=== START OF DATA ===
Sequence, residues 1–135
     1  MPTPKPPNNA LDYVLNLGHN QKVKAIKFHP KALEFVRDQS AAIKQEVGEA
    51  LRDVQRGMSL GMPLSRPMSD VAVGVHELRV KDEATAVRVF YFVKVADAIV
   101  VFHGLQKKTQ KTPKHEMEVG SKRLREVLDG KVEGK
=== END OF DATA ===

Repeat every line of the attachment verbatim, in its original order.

Sequence, residues 1–135
     1  MPTPKPPNNA LDYVLNLGHN QKVKAIKFHP KALEFVRDQS AAIKQEVGEA
    51  LRDVQRGMSL GMPLSRPMSD VAVGVHELRV KDEATAVRVF YFVKVADAIV
   101  VFHGLQKKTQ KTPKHEMEVG SKRLREVLDG KVEGK